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Japan turns to other sources for corn

(April 9, 2001 --Cropchoice news)--Rather than testing for and eliminating any U.S. corn shipments with transgenic traits it has not approved, especially StarLink, Japan is buying corn from elsewhere. It's turning to China, Brazil, Argentina and South Africa to cover the majority of its first quarter corn needs.

Japan recently launched a "zero tolerance" policy toward unapproved transgenic foods. But rather than spending the money on tests that likely would reveal StarLink in U.S. shipments, inspectors and buyers are willing to pay premiums for corn from other places.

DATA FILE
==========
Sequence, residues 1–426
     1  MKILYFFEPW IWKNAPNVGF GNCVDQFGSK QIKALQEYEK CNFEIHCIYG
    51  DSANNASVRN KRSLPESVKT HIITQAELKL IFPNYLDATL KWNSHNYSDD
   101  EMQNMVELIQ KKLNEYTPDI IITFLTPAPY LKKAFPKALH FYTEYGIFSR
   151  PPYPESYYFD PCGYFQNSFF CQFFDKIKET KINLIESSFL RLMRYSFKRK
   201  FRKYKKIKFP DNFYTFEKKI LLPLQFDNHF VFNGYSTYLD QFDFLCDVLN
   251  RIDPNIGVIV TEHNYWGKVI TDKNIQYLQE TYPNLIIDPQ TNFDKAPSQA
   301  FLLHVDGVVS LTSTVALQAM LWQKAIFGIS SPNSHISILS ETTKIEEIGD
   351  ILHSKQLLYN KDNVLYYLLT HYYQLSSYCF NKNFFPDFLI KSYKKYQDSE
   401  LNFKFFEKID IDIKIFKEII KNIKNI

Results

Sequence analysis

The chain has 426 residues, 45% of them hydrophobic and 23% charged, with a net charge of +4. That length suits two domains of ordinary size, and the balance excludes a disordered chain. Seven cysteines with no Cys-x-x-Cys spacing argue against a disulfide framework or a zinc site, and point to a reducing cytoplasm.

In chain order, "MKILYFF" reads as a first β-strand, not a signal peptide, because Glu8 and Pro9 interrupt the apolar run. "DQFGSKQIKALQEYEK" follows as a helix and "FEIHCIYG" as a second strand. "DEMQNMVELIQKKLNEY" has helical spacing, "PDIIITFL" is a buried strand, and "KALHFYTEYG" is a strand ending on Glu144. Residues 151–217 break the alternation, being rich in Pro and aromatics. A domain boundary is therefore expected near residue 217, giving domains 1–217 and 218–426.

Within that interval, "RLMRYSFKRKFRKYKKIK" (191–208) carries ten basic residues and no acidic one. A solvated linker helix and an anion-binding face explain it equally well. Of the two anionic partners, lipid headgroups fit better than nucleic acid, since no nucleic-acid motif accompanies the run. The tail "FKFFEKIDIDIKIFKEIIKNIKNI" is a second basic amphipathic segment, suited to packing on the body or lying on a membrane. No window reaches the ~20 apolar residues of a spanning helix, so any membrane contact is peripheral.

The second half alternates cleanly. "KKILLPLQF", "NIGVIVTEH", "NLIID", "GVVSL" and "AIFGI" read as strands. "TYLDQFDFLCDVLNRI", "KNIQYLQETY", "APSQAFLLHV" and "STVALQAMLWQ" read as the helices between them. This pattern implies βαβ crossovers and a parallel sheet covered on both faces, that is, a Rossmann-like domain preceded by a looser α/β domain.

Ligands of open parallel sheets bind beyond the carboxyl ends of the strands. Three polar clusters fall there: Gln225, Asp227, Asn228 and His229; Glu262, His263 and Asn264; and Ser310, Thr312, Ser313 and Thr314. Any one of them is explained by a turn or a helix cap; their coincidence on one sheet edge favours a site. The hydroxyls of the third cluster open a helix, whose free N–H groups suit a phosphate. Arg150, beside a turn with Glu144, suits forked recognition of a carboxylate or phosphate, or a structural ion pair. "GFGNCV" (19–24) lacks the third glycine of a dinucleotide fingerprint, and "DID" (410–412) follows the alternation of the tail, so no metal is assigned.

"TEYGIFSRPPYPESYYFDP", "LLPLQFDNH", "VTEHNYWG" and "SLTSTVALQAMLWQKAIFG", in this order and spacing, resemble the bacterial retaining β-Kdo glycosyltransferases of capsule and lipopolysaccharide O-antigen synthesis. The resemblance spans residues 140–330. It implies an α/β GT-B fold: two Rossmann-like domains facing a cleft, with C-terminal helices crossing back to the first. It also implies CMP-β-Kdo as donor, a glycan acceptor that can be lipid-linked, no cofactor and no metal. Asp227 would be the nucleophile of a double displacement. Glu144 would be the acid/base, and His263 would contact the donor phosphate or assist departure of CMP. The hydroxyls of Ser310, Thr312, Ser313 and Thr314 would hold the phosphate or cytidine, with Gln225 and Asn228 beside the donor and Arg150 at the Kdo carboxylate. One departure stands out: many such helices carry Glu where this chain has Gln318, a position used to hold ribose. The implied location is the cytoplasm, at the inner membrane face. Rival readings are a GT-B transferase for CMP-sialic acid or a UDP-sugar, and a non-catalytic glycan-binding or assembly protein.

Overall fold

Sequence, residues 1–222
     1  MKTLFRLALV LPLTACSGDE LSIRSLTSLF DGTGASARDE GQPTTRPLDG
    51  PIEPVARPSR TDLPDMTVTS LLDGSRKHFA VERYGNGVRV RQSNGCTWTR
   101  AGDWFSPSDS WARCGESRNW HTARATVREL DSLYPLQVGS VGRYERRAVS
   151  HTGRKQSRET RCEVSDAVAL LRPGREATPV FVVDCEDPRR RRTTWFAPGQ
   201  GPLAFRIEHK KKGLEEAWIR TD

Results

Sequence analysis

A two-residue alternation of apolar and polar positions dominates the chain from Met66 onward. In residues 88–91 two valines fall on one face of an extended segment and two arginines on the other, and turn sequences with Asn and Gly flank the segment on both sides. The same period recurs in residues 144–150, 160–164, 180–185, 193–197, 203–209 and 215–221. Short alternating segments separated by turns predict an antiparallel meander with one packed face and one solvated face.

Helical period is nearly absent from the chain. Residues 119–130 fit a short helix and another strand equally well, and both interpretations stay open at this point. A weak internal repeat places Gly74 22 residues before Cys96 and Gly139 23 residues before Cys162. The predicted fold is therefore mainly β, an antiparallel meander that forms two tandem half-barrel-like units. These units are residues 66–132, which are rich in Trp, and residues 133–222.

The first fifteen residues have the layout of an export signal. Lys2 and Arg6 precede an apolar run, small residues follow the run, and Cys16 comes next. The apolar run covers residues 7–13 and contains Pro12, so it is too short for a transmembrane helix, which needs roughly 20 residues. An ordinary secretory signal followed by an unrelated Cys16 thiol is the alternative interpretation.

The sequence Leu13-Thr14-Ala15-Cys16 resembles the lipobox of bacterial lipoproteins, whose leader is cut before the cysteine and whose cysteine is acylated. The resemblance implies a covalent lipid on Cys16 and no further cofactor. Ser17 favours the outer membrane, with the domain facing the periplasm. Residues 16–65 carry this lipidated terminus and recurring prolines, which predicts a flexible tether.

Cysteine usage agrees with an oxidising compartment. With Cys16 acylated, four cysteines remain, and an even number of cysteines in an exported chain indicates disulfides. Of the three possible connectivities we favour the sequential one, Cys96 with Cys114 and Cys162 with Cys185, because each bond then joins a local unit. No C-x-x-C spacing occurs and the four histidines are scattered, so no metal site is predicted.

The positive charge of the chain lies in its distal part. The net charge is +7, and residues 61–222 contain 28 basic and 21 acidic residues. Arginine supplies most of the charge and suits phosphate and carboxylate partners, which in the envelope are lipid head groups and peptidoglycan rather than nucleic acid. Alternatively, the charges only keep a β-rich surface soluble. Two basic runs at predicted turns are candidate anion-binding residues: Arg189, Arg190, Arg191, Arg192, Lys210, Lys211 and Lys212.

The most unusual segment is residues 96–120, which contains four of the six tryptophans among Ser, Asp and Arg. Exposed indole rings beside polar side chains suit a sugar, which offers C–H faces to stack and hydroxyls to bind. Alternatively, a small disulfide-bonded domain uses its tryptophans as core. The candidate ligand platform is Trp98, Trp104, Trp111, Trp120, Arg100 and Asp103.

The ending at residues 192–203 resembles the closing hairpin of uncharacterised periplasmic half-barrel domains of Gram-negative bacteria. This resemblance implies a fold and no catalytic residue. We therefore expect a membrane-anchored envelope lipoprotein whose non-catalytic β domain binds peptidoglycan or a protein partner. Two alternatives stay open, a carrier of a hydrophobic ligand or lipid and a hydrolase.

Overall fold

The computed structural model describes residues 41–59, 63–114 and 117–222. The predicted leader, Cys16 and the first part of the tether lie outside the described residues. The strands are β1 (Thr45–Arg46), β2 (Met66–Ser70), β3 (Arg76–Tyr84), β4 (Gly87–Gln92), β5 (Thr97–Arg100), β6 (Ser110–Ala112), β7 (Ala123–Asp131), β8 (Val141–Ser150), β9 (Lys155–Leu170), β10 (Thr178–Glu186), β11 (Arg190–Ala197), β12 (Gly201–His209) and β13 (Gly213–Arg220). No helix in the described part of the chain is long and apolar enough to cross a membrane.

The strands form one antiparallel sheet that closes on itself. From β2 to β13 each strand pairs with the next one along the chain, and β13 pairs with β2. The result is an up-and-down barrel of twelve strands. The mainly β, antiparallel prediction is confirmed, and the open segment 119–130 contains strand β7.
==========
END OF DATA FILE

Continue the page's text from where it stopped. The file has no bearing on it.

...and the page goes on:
The Japanese health ministry will randomly inspect 58 shipments of U.S. corn for food consumption through March 31, 2002. This amounts to 5 percent of all the 1,200 U.S. corn shipments registered during fiscal 1999-2000. Any corn that tests positive for StarLink will be directed to industrial uses, destroyed or returned to sender.

In accordance with the agreement that Japan and the United States reached last year, U.S. authorities now test for Starink in all the corn that's headed to Japan.

This will become even more necessary as the availability of Argentine and Brazilian corn dwindles in late July or August.

Sources: BridgeNews, Doane's